According to social media and news accounts, the convoy was accompanied by dozens of violent incidents including the homes of downtown residents being vandalized for having Pride flags, harassment of journalists, unhoused people and small business owners and the presence of swastikas and confederate flags. Media reports also said protesters parked, danced and urinated on the War Memorial and kept residents up by blowing their horns well into the night. The protest caused businesses in the downtown core, vaccination clinics and an elementary school to close.
The Ottawa Coalition to End Violence Against Women released a statement on the convoy saying, “This hate mob is overtly threatening and intimidating women, others from marginalized communities, and those working in precarious low-paid employment.” They said they heard of accounts of young women being followed, almost run over, and threatened with rape.
Despite this, the Ottawa Police said they laid no charges.
This is in stark contrast to how police responded to Black and Indigenous protesters who blocked one Ottawa intersection in November 2020 to protest police treatment of Black and Indigenous people following the October 2020 acquittal of Ottawa police officer Daniel Montsion in the death of Abrirahman Abdi. espite knowing that the protesters had a meeting arranged with city councillors and Ottawa Police Service Board members at noon Saturday, the Ottawa police moved in around 3am Saturday morning and forcibly removed the protesters, arresting and charging 12 of them. The police said they did this because, “The demonstration disrupted regular traffic and blocked an important route for emergency responders. This caused multiple safety issues.”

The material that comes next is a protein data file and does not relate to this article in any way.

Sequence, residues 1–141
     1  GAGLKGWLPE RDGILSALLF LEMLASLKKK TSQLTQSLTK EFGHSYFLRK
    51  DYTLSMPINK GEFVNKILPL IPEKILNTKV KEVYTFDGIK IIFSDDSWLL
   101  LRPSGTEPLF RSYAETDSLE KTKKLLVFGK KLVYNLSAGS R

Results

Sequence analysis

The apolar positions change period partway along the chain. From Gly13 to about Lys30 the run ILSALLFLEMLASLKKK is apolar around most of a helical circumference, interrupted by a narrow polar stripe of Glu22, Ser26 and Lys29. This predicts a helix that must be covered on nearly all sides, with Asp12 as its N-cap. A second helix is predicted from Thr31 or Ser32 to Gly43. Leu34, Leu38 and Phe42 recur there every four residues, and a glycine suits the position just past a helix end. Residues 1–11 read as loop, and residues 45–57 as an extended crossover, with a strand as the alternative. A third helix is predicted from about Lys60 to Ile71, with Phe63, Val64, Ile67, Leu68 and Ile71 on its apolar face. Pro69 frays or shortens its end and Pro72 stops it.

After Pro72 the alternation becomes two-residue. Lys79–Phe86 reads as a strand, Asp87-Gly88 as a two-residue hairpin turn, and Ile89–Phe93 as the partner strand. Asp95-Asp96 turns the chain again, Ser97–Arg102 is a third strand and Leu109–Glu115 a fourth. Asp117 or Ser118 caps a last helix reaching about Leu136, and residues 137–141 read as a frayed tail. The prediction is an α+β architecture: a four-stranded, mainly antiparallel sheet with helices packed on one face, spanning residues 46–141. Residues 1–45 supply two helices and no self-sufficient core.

Convoy protesters were quoted as saying that the police were helpful and friendly.
“The double standard couldn’t be more blatant”, said 613-819 Black Hub co-lead Robin Browne. “We suspect that if the truckers had been Black and Indigenous the police would have reacted very, very differently”.
The 613-819 Black Hub calls on the Ottawa Police Services Board and City Council to fulfill their obligations, under provincial law, to provide community and safety and well-being to all Ottawa residents and freeze the Ottawa Police Service budget.
The Board took the first step toward freezing the police budget this year. This double standard shows how the OPS harms, not helps, community well-being and safety and why the Board and council should cut their budget and fund things that actually keep all Ottawa residents safer like mental health supports and housing.